Alright, the model code is done. Now we need to create these models on the database. To do so, use the following:

(mybackend) mybackend $ python makemigrations
(mybackend) mybackend $ python migrate

These commands would first generate a migration file that describes the model we just created and then apply the migration against the database. You should commit the migration files to your Git repository.

While we are here, we might as well also enable a simple admin interface for admins to fiddle with the to-dos if they see the need. For that, we simply edit our

Now that we have our first ever admin page let’s see it in action. First, we’d need to create a superuser:

(mybackend) mybackend $ python createsuperuser

Run the above command and follow the prompts. Then you can run python runserver and log in to with the credentials you just created. You should see a link to Todos.”

GraphQL Query and Mutations

It’s time to expose this model to the outside world (aka your clients). For that, we will create three more files under mybackend/mybackend/todos/, namely,,, and . As the names suggest, is the module to write our mutations, is for queries, and is for the object types we are returning from our GraphQL endpoint.

Let’s start with the types. Generally speaking, you would end up with a type for each model you have. In our case:

It’s as simple as that, thanks to Graphene’s Django integration. The DjangoObjectType simply expects a model meta that points to our actual model class (that is, Todo) and generates the corresponding type.

Now that we have the type in place, we can go ahead and create the queries that would return to-do items. We will deal with the mutations to manipulate these items after that. At our

As you can see, we are exposing two queries: todos and todo. Thetodos query returns a list of to-do items. And it accepts an argument completed to filter to-do items by completion status. Thetodo query, on the other hand, returns a single to-do item, given its id.

Now we need to register these queries to our schema. To do so, we would need to update our as:

Pretty straightforward, right? We just created a new Query class that extends from our Query class at thetodo application. This new top-level Query will extend from every applications’ Query going forward. If you want, you can now head back to your admin interface for to-do items and add a few to-dos. Then visit and run the below query (by typing it on the left-hand side and hitting the Play button):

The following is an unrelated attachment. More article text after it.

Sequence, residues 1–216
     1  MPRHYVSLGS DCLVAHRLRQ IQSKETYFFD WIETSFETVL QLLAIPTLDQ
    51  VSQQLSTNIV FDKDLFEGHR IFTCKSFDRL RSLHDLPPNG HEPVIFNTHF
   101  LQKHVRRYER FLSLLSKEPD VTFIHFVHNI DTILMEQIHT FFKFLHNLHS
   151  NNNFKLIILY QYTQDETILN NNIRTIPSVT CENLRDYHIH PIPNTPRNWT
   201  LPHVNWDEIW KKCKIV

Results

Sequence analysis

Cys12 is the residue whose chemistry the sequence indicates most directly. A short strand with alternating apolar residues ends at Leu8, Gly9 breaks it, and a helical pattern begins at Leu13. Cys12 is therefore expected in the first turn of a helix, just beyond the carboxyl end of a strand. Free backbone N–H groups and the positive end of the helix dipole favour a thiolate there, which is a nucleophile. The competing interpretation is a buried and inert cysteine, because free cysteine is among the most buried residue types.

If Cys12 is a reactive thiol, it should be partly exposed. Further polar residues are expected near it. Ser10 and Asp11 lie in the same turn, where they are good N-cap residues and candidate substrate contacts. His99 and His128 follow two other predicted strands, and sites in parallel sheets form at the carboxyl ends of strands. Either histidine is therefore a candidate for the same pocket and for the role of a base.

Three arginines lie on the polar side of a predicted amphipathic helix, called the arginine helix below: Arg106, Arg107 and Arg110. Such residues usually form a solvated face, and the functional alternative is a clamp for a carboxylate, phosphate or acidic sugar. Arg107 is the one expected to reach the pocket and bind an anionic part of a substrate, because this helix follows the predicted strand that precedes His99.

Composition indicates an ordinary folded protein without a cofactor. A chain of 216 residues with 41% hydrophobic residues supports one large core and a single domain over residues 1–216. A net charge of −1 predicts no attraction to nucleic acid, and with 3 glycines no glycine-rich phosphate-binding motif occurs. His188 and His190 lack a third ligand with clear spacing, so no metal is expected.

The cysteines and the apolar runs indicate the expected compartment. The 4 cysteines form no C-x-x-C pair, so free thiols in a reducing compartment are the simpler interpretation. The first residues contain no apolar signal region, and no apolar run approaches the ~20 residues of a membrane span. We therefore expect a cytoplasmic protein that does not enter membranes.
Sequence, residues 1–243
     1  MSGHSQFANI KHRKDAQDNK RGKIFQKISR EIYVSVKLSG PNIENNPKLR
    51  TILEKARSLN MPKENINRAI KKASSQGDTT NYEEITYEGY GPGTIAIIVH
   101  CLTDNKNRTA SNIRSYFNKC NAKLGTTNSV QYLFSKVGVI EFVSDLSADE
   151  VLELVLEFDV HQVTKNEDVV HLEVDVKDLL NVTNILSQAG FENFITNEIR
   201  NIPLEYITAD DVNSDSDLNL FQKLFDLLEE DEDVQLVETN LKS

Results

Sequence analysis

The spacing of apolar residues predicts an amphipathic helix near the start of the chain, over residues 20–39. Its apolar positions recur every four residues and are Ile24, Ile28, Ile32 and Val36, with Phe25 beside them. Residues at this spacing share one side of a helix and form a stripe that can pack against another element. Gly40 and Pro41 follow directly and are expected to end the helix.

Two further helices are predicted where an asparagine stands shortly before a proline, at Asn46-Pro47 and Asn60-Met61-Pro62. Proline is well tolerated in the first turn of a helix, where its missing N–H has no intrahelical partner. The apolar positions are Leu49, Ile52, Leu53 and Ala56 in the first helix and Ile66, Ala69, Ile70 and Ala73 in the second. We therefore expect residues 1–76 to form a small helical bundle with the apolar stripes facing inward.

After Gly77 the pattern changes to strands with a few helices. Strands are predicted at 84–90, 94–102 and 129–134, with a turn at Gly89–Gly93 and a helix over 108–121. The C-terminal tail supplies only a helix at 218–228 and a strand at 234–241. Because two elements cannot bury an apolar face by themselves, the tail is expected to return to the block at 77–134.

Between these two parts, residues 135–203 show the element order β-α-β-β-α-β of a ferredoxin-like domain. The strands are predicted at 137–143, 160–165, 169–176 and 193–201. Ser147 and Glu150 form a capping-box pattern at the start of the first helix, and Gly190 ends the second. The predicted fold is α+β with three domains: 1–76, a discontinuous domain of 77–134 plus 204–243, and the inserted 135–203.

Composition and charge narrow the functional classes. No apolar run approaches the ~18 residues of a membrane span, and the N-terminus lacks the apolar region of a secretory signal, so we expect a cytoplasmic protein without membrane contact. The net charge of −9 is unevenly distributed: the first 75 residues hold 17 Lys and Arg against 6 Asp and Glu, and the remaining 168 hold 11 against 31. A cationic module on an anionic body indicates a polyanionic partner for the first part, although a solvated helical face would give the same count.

You should see the query result as a JSON object on the right-hand side.

Congratulations! You have just run your first ever GraphQL query on the back end you created.

Now that the queries out of the way, we can start working on the mutations. At the minimum, we’d need to be able to create to-dos, update to-dos (for marking them as complete), and delete to-dos. Go ahead and plug the below code into your

I think the code here is quite self-explanatory. But to briefly describe it, each class corresponds to a single mutation. At their Arguments sub-class, we are defining the arguments that mutation is expecting to receive. And at their mutate function, we are implementing the behavior we need. The arguments set are passed to the mutate function as positional arguments, as you can see at UpdateTodo and DeleteTodo. And the second positional argument info holds some metadata regarding the mutation, including the context (but more on that later). These mutation classes are then registered to a top-level Mutation, where each field’s name corresponds to the mutation’s exposed name to the GraphQL interface. The Graphene conveniently even auto-camel-cases those field names for us.

Before we can test these new mutations we wrote, we just need to register them on our schema. Similarly to how we registered the queries, we will update the file:

Now, if you head back to and run the following, you should see the result of your first successful mutation:

mutation {
createTodo(text:"A new to-do item.", completed:false) {
todo {

How exciting!

If you paid attention, you will have realized we did not implement the bulk operation “clear completed”. I will leave that as an exercise for you to figure out.

Wrapping Up

This was a simple example of creating GraphQL interfaces using Django and Graphene. But the general ideas and patterns you learned here hold, no matter how large or complex your interface gets.

In the next article of this series, we will talk about how we can enable authentication on our GraphQL APIs with the help of JSON Web Tokens. Make sure to subscribe not to miss out!